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Venezuela output down another 118,000 b/d: Opec

13 Dec 2017, 9.35 pm GMT

Venezuela output down another 118,000 b/d: Opec

Caracas, 13 December (Argus) — Venezuela produced 1.837mn b/d of crude in November, down 118,000 b/d from October's output of 1.955mn b/d, Opec said in its monthly market report, citing official energy ministry figures.

Opec's secondary sources calculated Venezuela's crude output in November at 1.834mn b/d, for a 42,000 b/d decline compared with the previous month's output of 1.836mn b/d. Argus calculates November's real crude output at about 1.83mn b/d.

Secondary sources used by Opec estimate the drop in PdV's crude output during the first 11 months of 2017 at 320,000 b/d, from 2.154mn b/d at end-2016 to 1.834mn b/d last month.

Venezuela's official crude output figures that the energy ministry provides Opec show that crude output by state-owned PdV and its joint ventures with foreign oil companies fell by 536,000 b/d, or 22.5pc, during the first 11 months of 2017 — to 1.837mn b/d last month from 2.373mn b/d at the end of 2016.

Venezuela's official crude production numbers dropped by roughly 20,000 b/d monthly during the first nine months of 2017.

But PdV's crude output shrinkage has accelerated sharply in the fourth quarter 2017 with monthly production declines of 130,000 b/d in October and 118,000 b/d in November, accounting for a combined almost 54pc of the total upstream output capacity of 536,000 b/d lost during the first 11 months of the year.

PdV's crude output could decline a further 100,000 b/d in December, bringing the year's total crude production decline to about 636,000 b/d, a western division upstream executive based in Maracaibo told Argus.

"PdV's crude production is at risk of falling to as low as 1.73mn b/d by the end of 2017, its lowest level since the 1970s, if efforts to halt the output contraction this month fail to generate positive results," the upstream executive added.

It is unclear what steps PdV is taking to reverse the decline.

New energy minister and PdV chief executive general Manuel Quevedo has launched audits of all PdV procurement contracts, with initial contract review efforts focused on the company's 42 joint ventures with foreign oil companies.

Quevedo also has initiated a review of all PdV managers in what critics within the company describe to Argus as "a political purge" that aims to replace most of the current management structure with appointees chosen for their military background and proven political loyalty to president Nicolas Maduro.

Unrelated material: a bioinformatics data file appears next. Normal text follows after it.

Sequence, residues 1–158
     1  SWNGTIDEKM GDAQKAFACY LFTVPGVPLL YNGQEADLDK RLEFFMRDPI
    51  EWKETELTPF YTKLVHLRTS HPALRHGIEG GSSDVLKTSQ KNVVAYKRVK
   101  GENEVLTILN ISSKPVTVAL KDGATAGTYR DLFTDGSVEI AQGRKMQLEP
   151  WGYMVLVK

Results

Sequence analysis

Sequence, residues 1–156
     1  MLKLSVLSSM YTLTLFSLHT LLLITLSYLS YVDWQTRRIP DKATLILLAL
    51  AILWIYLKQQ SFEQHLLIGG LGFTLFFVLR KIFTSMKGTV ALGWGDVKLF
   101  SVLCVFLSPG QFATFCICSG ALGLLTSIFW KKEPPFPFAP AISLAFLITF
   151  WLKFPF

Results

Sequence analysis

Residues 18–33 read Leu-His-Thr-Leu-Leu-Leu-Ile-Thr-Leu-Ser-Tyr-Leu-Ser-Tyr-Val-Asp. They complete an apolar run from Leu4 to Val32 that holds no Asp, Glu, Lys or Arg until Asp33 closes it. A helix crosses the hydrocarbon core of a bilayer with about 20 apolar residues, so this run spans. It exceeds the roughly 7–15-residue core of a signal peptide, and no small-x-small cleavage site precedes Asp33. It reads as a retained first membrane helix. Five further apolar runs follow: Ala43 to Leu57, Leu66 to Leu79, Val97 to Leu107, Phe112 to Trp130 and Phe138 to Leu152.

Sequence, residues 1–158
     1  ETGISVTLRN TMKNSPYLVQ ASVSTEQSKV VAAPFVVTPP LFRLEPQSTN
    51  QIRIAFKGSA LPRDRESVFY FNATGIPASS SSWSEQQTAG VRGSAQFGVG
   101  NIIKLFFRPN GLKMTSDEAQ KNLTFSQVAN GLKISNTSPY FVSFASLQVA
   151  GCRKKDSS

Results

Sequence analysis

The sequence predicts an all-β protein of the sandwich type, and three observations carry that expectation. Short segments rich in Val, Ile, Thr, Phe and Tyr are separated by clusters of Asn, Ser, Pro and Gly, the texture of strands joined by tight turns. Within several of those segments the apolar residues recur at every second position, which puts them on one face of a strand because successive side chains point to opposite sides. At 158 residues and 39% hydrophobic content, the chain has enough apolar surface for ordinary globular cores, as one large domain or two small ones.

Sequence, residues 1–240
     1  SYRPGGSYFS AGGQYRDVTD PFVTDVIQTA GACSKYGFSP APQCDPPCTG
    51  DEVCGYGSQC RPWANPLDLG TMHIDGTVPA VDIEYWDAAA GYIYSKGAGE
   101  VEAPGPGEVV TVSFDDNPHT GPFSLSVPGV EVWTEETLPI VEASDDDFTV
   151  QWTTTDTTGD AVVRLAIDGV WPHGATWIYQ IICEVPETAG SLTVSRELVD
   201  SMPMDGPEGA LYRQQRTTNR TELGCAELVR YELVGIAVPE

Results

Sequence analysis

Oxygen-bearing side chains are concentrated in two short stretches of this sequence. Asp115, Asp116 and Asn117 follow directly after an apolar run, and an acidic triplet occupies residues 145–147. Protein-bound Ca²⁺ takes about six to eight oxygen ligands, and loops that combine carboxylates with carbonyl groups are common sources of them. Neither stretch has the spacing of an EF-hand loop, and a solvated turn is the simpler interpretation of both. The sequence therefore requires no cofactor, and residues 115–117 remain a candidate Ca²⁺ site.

Quevedo since his appointment on 29 November also has met with foreign oil executives representing a majority of PdV's joint venture partners, including state-controlled CNPC of China, Russian state-controlled Rosneft, Total of France, Norway's Statoil, Repsol of Spain and Italian major Eni.

But the continued decline in Venezuela's crude output has negated recent modest gains in the Opec country's year-to-date average export price of $46.04/bl as of 8 December, leaving the cash-poor company unable to finance urgent capital expenditures for its core upstream and downstream operations. PdV also has been unable to secure new financing from foreign lenders and its joint venture partners, a senior energy ministry official told Argus.

The senior energy ministry official acknowledged to Argus privately that PdV's output decline has accelerated since end-September because of the combined effects of US financial sanctions imposed in August 2017 and the government's expanding corruption probe within the oil industry. This has led to the detention of 67 PdV executives, including former energy minister Eulogio Del Pino and former PdV chief executive Nelson Martinez.

An aide to acting attorney general Tarek Saab also told Argus today that an arrest warrant is likely soon against former energy minister and PdV chief executive Rafael Ramirez, whose present whereabouts outside Venezuela remain unclear.

The government's expanding corruption probes within PdV now involve over 400 companies including over 230 PdV subsidiaries and up to 200 private companies that secured procurement contracts from PdV between 2003-17, the chief prosecutor's aide said.

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